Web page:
• 1) intrinsic properties of the polymer that relate to its stiffness or modulus, determined by the nature of monomers composing the polymer chain, the length of the chain, as well as chemical groups covalently bound to the main polymer chain. [0020]
  • 2) level of crosslinking in the polymer, where hardness increases as the density of polymer chain networks increases, and [0021]
  • 3) inclusion of inorganic, metal oxide, or metallic particle fillers in the polymer matrix. [0022]
  • Crosslinking of cellulose ester polymers to increase hardness can be effected by reaction of hydroxyl groups present in the cellulose ester polymer with various compounds that have functional groups that are reactive with hydroxyl groups. Illustrative examples include various organic diacids (e.g., adipic acid) and organic diacid chlorides (e.g., diacid chloride of succinic acid). [0023]
  • The hardness of a polymeric material is conveniently determined by observing the penetration depth into the polymer of a geometrically defined stylus under a defined load. This method for measuring hardness is described in ASTM D1474, and hardness values are given in Knoops, where a higher number indicates a harder polymer. Preferably, the polymeric binder of the additional layer [0024] 200 has a hardness in the range of 17 Knoops to 30 Knoops. More preferably, the polymeric binder of the additional layer 200 has a hardness in the range of 17 Knoops to 21 Knoops.
  • The additional layer [0025] 200 of the optical element 300 can comprise a color tuning layer which, in cases where the photopolymer layer 100 contains a hologram, alters the wavelength of response of the hologram as discussed in more detail below. The additional layer 200 of the optical element 300 can comprise a layer which, in cases where the photopolymer layer 100 contains a hologram, is suitable for converting the hologram into a broad band hologram as disclosed in U.S. Pat. No. 5,725,970.
  • Color Tuning Layer [0026]
  • A color tuning (diffusion) layer in contact with the photopolymer layer [0027] 100 containing a hologram can be used to adjust the wavelength response (i.e., the playback wavelength) of the hologram as described in U.S. Pat. No. 4,959,283 and related patents.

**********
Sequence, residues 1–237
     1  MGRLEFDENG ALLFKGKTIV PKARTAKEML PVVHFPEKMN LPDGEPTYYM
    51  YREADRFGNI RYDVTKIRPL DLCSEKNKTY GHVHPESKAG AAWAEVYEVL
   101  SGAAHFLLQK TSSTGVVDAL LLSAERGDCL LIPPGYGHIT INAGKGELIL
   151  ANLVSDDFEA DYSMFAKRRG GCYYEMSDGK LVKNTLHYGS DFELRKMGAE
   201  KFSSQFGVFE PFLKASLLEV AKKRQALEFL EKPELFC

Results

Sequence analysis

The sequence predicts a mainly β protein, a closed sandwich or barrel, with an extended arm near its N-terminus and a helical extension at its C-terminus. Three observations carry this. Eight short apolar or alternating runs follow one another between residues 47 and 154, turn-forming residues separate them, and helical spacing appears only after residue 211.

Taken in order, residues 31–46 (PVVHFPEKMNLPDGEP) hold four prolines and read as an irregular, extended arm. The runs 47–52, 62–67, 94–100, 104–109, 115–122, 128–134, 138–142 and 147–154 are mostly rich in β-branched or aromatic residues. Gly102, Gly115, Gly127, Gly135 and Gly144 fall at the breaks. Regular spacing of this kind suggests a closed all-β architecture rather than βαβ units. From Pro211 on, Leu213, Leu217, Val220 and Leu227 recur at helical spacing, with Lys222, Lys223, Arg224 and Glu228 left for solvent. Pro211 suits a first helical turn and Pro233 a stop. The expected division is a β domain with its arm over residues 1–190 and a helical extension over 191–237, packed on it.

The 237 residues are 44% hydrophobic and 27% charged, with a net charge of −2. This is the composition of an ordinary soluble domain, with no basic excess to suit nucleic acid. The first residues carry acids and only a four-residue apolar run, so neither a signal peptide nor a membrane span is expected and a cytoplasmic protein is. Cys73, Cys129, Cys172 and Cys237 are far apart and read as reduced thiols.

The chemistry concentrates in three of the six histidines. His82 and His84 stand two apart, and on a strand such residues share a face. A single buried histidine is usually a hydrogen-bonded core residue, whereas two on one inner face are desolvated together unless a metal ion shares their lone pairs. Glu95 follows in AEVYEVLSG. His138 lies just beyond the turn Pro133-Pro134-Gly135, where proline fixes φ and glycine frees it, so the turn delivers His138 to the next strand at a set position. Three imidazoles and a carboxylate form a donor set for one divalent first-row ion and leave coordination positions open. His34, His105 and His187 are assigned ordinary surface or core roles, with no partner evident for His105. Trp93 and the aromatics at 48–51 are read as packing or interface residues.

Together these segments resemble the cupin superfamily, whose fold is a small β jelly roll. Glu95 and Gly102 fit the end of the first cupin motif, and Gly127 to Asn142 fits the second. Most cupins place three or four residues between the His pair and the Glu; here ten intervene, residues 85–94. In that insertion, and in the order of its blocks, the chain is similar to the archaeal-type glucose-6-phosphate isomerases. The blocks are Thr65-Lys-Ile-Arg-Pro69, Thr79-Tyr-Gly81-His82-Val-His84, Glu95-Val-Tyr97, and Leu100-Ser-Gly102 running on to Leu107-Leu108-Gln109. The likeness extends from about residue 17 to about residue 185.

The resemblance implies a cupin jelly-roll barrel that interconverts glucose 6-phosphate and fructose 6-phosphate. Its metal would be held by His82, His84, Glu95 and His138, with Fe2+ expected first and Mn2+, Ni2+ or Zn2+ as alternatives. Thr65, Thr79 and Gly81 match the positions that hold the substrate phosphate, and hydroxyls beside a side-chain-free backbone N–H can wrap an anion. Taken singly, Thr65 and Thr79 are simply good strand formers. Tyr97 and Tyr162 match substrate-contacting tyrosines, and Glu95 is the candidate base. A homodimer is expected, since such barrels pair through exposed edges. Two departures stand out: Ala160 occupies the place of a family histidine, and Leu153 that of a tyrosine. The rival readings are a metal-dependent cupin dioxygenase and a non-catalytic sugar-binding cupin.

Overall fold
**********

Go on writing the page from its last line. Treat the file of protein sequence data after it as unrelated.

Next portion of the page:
• With respect to the present invention, after the photopolymer layer [0028] 100 has been imaged to contain a hologram, the photopolymer layer 100 is placed in contact with a color tuning layer 200, as described in U.S. Pat. No. 4,959,283, to produce the optical element 300. Contact of these two layers results in modification of the wavelength of light characteristic of the hologram, i.e., modifies the wavelength of light reflected by the hologram in case of a reflection hologram.
  • A preferred color tuning layer contains a diffusion agent (e.g., a monomer and/or plasticizer) that will diffuse into and swell the photopolymer layer containing a hologram. This diffusion of diffusion agent into the photopolymer layer causes the photopolymer layer to swell and thereby increases the wavelength of response of the hologram in the swelled photopolymer layer. Intimate contact is required to achieve uniform diffusion over the surface of the photopolymer layer. Thus, the color tuning layer generally will be a film, containing the diffusion agent(s), that can readily be laminated to the photopolymer layer, or a coating composition that, when dried, adheres to the photopolymer layer. In many applications it will be desired to retain the color tuning layer in place after it has served the purpose of processing the hologram. Thus, the color tuning layer generally has sufficient clarity that it will not unduly interfere with use of the optical element (comprising the color tuning layer and the photopolymer layer containing a hologram) in applications where light must pass through the color tuning layer. [0029]
  • The primary component of the color tuning layer is a cellulose ester polymer specifically selected to have a hardness of at least 16 Knoops, and the diffusion agent is conveniently a monomer or plasticizer employed in the photopolymer layer, or a compatible material having a similar refractive index. Selection of these materials readily achieves alteration of wavelength response of the hologram, without unduly affecting properties of the optical element or requiring a subsequent step of removing the color tuning layer after its purpose of wavelength alteration has been achieved. [0030]